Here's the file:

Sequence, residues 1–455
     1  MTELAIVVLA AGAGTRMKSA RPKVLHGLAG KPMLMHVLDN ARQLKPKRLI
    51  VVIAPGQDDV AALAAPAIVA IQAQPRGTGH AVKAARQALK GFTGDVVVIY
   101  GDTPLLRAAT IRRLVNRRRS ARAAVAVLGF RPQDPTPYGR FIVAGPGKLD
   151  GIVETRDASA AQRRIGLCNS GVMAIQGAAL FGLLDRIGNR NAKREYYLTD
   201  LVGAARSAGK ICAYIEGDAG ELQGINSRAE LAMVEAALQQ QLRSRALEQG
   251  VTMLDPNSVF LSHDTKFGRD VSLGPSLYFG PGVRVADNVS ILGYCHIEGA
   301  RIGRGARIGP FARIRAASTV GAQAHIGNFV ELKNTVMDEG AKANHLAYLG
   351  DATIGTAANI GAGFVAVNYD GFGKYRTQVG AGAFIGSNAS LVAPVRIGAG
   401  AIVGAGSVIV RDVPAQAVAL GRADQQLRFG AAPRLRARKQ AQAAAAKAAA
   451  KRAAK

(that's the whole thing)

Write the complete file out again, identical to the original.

Sequence, residues 1–455
     1  MTELAIVVLA AGAGTRMKSA RPKVLHGLAG KPMLMHVLDN ARQLKPKRLI
    51  VVIAPGQDDV AALAAPAIVA IQAQPRGTGH AVKAARQALK GFTGDVVVIY
   101  GDTPLLRAAT IRRLVNRRRS ARAAVAVLGF RPQDPTPYGR FIVAGPGKLD
   151  GIVETRDASA AQRRIGLCNS GVMAIQGAAL FGLLDRIGNR NAKREYYLTD
   201  LVGAARSAGK ICAYIEGDAG ELQGINSRAE LAMVEAALQQ QLRSRALEQG
   251  VTMLDPNSVF LSHDTKFGRD VSLGPSLYFG PGVRVADNVS ILGYCHIEGA
   301  RIGRGARIGP FARIRAASTV GAQAHIGNFV ELKNTVMDEG AKANHLAYLG
   351  DATIGTAANI GAGFVAVNYD GFGKYRTQVG AGAFIGSNAS LVAPVRIGAG
   401  AIVGAGSVIV RDVPAQAVAL GRADQQLRFG AAPRLRARKQ AQAAAAKAAA
   451  KRAAK